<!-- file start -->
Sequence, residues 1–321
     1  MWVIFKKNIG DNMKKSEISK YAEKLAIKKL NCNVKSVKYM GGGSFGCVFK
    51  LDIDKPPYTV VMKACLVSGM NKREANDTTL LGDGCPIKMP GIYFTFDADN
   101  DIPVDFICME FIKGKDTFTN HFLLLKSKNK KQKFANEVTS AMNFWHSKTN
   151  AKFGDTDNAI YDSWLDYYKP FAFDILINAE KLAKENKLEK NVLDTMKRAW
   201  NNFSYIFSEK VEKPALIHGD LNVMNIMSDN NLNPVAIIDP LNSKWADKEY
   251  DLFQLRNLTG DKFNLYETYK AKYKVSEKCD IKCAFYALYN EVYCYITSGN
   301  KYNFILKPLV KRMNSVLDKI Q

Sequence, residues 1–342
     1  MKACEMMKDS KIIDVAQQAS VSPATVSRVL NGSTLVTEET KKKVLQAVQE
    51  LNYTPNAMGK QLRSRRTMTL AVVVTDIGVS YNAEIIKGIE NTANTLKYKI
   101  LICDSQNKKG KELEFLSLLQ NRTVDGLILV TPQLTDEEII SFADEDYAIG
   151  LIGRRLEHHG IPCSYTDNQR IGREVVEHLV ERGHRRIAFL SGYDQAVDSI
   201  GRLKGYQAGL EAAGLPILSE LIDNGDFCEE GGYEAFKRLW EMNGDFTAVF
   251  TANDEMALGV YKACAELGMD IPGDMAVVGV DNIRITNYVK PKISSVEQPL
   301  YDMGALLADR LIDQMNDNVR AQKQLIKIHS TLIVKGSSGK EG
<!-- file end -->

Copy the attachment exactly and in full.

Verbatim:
Sequence, residues 1–321
     1  MWVIFKKNIG DNMKKSEISK YAEKLAIKKL NCNVKSVKYM GGGSFGCVFK
    51  LDIDKPPYTV VMKACLVSGM NKREANDTTL LGDGCPIKMP GIYFTFDADN
   101  DIPVDFICME FIKGKDTFTN HFLLLKSKNK KQKFANEVTS AMNFWHSKTN
   151  AKFGDTDNAI YDSWLDYYKP FAFDILINAE KLAKENKLEK NVLDTMKRAW
   201  NNFSYIFSEK VEKPALIHGD LNVMNIMSDN NLNPVAIIDP LNSKWADKEY
   251  DLFQLRNLTG DKFNLYETYK AKYKVSEKCD IKCAFYALYN EVYCYITSGN
   301  KYNFILKPLV KRMNSVLDKI Q

Sequence, residues 1–342
     1  MKACEMMKDS KIIDVAQQAS VSPATVSRVL NGSTLVTEET KKKVLQAVQE
    51  LNYTPNAMGK QLRSRRTMTL AVVVTDIGVS YNAEIIKGIE NTANTLKYKI
   101  LICDSQNKKG KELEFLSLLQ NRTVDGLILV TPQLTDEEII SFADEDYAIG
   151  LIGRRLEHHG IPCSYTDNQR IGREVVEHLV ERGHRRIAFL SGYDQAVDSI
   201  GRLKGYQAGL EAAGLPILSE LIDNGDFCEE GGYEAFKRLW EMNGDFTAVF
   251  TANDEMALGV YKACAELGMD IPGDMAVVGV DNIRITNYVK PKISSVEQPL
   301  YDMGALLADR LIDQMNDNVR AQKQLIKIHS TLIVKGSSGK EG